It would be foolish to assume New Zealand buildings are safe as so little is known about how high-rise buildings react in a severe fire, a top engineer is warning.
Auckland University associate professor of civil engineering Charles Clifton said the gap in knowledge explained why some experts thought a scenario like Grenfell Tower in the United Kingdom could not happen in New Zealand, while others thought it was just waiting to happen.
"The situation really is pretty wild west," said Mr Clifton, an expert on how buildings behave in intense earthquakes and fires.
"Our understanding is very low. The design procedures that we use are pretty much divorced from the reality of [fire] behaviour, whatever that is, and our quantification of fire load and how we deal with fire development and... spread is really at a very basic level compared with earthquakes."
Mr Clifton said fire design was stuck in the 1970s, even in places like the United States.
"We're putting up large buildings which we don't have a clear idea of how they would survive if subjected to a severe fire, and that has to be a potential life safety risk."
Mr Clifton said a lot was known about how individual parts of buildings responded, such as steel beams or fire-rated wall linings, which were tested in a furnace, but whole buildings could not be crash-tested like cars.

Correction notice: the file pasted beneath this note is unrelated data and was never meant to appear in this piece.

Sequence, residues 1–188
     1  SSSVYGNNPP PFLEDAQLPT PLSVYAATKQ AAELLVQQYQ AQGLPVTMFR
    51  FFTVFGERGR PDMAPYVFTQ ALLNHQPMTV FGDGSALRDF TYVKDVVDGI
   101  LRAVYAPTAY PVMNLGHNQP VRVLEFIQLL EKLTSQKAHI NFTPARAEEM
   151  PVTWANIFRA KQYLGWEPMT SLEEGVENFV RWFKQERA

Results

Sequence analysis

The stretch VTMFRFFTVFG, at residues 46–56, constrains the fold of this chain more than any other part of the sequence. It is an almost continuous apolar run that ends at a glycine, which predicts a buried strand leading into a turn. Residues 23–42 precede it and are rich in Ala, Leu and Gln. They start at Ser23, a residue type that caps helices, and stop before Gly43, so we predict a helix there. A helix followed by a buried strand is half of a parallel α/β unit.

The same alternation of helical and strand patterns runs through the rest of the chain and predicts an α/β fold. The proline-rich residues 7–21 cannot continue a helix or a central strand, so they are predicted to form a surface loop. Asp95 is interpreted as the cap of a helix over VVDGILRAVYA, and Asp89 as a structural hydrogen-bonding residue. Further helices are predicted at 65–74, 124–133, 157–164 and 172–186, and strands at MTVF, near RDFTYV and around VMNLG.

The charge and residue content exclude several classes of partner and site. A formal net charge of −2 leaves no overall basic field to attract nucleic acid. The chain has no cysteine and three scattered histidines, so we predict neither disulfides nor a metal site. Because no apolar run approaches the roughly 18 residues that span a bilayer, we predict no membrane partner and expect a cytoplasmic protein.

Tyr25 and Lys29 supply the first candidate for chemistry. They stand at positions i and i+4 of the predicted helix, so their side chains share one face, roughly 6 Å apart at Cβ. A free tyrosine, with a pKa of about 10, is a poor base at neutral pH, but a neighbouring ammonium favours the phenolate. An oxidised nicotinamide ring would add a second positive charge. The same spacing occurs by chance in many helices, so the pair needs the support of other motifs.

When buildings had burned they failed in unexpected ways, such as in Tehran in January when the 17-storey Plasco tower caught fire and collapsed, killing at least 20 firefighters.
"With regard to steel-framed buildings with composite floors... we have a much better idea of their behaviour in a severe fire than with any other multi-storey building system," Mr Clifton said.
"For reinforced concrete structures, we have some idea from actual fires but only one experimental test.
"For structural timber we have no idea of the behaviour in reality. The few case-history fires have resulted in total building loss and there are no large scale experimental tests."
He and Canterbury University fire expert Anthony Abu would make a case at a UK fire conference in September for a 10-year plan to make fire design better.
Mr Clifton was hoping the Grenfell Tower fire would be a game-changer but whether it became a catalyst in New Zealand remained to be seen.
There was no funding for robust fire research, he said. "Fire in structures falls through the gap of the various funding organisations."
He acknowledged significant progress, such as incoming new fire regulations for tall buildings and a new standard that included system design for fire resistance, but said those all carried a major flaw. "It's based on expert committee consensus, more or less based on judgement rather than based on a detailed engineering model."